The total ransomware revenue dropped 40.3% in 2022 as per the recent estimation, with several indicators signaling a drop in victims willing to pay or, perhaps, report payments.
The total funds sent to known ransomware addresses globally fell from $765.5 million in 2021 to $456.8 million in 2022, suggesting that this huge drop is due to an increasing unwillingness on the part of victims to pay ransom demands rather than a decline in the actual number of attacks. Even the victim payment has fallen from 76% to 41%. Indeed, governments’ approach to dealing with ransomware response has continued to evolve.
The U.S. Treasury Department warned that it could act against those who pay ransoms to entities on its sanctions list. In March 2022, Congress passed legislation that requires critical infrastructure entities to report any ransom payments they make. Outside the U.S., the European Union has even tighter legislation on ransomware response, which allows member states to impose fines for paying ransoms under the Security of Network and Information Systems Directive.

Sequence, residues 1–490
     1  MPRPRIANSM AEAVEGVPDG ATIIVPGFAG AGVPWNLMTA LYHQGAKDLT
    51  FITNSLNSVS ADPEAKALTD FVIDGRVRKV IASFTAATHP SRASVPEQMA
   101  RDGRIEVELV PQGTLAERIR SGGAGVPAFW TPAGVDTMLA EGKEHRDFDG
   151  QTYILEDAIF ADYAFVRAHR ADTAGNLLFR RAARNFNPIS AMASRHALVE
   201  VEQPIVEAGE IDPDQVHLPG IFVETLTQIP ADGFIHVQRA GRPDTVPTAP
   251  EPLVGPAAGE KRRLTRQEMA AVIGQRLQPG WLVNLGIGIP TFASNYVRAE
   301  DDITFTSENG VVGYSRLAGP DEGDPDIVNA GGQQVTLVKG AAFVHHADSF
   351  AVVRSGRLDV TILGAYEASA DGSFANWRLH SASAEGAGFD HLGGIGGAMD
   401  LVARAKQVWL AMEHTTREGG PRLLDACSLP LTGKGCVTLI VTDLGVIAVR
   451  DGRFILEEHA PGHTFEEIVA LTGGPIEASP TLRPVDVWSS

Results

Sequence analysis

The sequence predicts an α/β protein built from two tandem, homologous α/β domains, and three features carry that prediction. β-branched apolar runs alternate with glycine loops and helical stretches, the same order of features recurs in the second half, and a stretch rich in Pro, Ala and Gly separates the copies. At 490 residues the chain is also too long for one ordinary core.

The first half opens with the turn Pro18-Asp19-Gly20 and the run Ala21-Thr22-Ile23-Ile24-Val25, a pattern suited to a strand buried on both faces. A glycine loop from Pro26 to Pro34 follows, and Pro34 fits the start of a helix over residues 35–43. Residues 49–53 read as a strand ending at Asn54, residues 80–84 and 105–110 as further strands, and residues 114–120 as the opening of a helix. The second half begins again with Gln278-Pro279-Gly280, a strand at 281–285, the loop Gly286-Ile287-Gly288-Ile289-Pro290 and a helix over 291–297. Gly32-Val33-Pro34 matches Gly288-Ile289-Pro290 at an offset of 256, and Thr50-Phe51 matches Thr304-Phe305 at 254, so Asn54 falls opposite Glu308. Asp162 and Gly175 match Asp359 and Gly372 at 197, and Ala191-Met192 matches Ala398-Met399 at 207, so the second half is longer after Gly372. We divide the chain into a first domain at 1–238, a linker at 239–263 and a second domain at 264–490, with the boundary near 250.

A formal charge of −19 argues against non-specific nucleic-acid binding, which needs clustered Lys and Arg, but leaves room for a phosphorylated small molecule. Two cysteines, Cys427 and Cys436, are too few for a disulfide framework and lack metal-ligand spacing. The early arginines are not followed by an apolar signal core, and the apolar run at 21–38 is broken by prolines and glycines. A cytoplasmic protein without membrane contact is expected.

As per the latest Gartner report, the percentage of countries passing legislation to regulate ransomware payments fines will rise 30% by the end of 2025 from less than 1% in 2021.
Despite the significant decline in ransomware revenue under tightening legislation over the past year, the implications of regulating ransomware payments are still controversial. This drop might also be due to victims’ unwillingness to report their ransomware payments for fear of legal consequences.
Other factors that drive the reduction in payment fall
- Cyber insurance firms, which usually reimburse victims for ransomware payments, play an essential role in the decrease of ransomware payments.
- Increased investment in resilient backups. Based on which the decision of whether they are forced to pay out of the equation.
- Tightening economic sanctions have made it harder for organizations to pay ransoms to Russian-originated actors.
- A risk-based decision under increasing regulations for ransomware payments and complicated political environments.
This report was released by researchers from chainalysis